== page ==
The NFL has come under scrutiny lately with all the players that have been arrested. There have already been calls for the NFL to do something to keep the Aaron Hernandez and Titus Young types out of the game. Banning academically ineligible players from the Combine is being discussed, and there are bound to be more ideas that get floated around in the coming weeks.
Tom Brady was once a high school kid who knew that big things were heading his way — Check out this quote from the Patriots MVP in his high school yearbook “If you want to play with the big boys, you gotta learn how to play in the tall grass.” This isn’t quite as good as J.R. Smith’s yearbook quote, but still pretty good.-TO
Tom Brady Stuck on a Slide
Tom and Gisele Head to Disneyland
Patriots owner Robert Kraft has called drafting Aaron Hernandez a “mistake” by his organization. In the face of a mistake, Kraft also defends his decision by saying he never expected to encounter this situation. According to reports from ESPNBoston.com, Kraft has said he was “duped” by Hernandez. Kraft explained Hernandez as a likable human being, and was always very respectful...
Big Tentacles - The Big Ten and its influence over college football.
The elephant in the room.
Ohio State head football coach Urban Meyer denies accusations of "enabling" former New England Patriots tight end Aaron Hernandez while at Florida. (The Columbus Dispatch)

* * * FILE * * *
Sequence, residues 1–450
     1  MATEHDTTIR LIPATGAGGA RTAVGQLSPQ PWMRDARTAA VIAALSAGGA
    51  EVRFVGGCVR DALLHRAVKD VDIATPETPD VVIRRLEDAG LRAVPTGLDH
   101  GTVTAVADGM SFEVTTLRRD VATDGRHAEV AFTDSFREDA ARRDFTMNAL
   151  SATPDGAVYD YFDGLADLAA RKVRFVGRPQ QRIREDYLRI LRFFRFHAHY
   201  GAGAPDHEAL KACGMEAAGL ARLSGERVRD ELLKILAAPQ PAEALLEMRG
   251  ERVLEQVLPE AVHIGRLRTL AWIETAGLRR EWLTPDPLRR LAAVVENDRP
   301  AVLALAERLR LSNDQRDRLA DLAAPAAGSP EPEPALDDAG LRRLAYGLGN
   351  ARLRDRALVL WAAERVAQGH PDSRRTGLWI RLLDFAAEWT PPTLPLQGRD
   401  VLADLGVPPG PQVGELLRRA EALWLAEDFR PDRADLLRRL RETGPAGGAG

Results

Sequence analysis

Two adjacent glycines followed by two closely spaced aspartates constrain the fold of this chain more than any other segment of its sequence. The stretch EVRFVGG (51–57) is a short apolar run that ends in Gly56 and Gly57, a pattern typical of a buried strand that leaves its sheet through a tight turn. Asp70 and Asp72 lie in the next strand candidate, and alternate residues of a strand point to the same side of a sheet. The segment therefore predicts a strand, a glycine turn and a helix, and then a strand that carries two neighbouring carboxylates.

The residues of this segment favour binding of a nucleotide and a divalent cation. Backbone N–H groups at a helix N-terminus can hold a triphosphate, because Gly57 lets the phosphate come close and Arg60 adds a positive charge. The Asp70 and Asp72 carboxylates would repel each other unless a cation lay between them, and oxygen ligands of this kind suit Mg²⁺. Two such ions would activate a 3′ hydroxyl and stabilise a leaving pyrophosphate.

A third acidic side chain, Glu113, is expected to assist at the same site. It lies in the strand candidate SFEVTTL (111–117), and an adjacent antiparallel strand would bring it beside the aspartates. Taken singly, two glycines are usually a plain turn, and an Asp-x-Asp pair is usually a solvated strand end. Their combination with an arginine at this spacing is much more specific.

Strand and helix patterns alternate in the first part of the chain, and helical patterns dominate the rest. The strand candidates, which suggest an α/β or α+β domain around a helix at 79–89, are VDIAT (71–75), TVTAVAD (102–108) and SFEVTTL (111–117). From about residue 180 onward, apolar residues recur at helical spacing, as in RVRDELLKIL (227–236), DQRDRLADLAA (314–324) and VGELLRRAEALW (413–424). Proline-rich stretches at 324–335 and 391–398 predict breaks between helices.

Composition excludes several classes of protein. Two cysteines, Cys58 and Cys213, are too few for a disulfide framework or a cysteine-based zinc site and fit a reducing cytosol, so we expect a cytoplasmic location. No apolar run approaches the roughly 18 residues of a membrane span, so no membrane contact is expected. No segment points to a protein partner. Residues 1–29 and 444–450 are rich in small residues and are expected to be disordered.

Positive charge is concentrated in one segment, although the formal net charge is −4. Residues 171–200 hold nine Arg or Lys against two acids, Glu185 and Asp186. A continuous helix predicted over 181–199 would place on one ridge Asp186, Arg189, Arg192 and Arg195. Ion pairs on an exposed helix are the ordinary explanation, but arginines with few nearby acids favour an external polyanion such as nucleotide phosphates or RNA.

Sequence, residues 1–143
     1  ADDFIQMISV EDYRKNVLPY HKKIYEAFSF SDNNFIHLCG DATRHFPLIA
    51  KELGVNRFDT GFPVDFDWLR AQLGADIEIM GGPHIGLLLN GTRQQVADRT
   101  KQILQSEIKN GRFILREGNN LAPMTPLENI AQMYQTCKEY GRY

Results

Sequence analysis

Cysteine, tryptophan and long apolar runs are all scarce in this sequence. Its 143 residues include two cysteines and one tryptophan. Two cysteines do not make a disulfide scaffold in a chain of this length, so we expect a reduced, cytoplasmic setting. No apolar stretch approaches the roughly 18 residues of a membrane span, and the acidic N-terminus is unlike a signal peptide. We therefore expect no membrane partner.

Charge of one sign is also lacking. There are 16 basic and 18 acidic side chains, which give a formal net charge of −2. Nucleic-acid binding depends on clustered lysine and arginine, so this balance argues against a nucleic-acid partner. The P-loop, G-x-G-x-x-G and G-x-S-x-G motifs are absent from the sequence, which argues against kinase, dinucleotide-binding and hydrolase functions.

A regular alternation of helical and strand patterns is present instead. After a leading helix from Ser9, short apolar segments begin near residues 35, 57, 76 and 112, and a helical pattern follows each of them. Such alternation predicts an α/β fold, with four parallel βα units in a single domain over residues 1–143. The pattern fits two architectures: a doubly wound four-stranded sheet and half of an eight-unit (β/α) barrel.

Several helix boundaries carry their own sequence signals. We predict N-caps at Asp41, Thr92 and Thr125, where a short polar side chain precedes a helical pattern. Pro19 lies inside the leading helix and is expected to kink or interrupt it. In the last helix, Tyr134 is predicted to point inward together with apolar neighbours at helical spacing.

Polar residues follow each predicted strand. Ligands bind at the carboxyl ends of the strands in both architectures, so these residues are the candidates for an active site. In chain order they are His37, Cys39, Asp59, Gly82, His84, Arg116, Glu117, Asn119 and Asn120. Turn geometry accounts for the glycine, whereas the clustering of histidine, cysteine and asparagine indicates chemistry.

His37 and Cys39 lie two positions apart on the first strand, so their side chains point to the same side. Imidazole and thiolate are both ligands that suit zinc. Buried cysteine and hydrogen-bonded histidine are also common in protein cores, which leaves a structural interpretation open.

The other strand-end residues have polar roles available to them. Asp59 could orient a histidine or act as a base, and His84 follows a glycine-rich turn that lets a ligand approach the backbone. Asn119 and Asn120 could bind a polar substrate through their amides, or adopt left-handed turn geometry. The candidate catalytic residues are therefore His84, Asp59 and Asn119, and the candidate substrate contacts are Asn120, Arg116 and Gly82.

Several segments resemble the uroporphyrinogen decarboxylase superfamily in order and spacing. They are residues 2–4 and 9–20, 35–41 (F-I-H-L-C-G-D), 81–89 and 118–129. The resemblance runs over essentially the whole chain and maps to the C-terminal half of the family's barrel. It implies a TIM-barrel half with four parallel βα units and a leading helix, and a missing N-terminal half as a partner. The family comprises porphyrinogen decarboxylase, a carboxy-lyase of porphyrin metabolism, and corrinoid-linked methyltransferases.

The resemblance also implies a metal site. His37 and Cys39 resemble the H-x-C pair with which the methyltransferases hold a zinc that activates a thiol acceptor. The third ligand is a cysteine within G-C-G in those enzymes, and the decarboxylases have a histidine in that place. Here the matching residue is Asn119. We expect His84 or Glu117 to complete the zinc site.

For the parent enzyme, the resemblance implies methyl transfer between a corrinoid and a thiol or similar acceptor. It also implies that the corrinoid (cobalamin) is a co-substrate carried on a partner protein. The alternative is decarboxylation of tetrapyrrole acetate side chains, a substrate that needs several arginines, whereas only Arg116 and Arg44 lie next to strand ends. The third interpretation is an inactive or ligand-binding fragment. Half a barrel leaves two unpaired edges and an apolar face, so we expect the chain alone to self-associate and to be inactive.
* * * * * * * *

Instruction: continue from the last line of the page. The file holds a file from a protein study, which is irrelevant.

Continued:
Kramer vs. Kramer.
Eric Holloway profiles Ohio State offensive lineman Eric Kramer. (Buckeye...
Photo via Gamedayr
It's Urban Meyer's 49th birthday! What better way to embarrass celebrate the Ohio State head football coach's birthday than with a photo of Meyer back in his college football playing days at Cincinnati. He didn't get much playing time as a defensive back, but it lead him to where he is today - being accused of enabling Aaron Hernandez while...
If there was a strong point for the New England Patriot defense in 2012, it could easily be argued that it was on the front line, where the likes of mountain-man Vince Wilfork stuffed the middle of opposing offenses week in and week out. He was clearly a force for this team, despite the switch to a primarily 4 - 3 scheme. Vince will never be a sack leader, but he will disrupt more...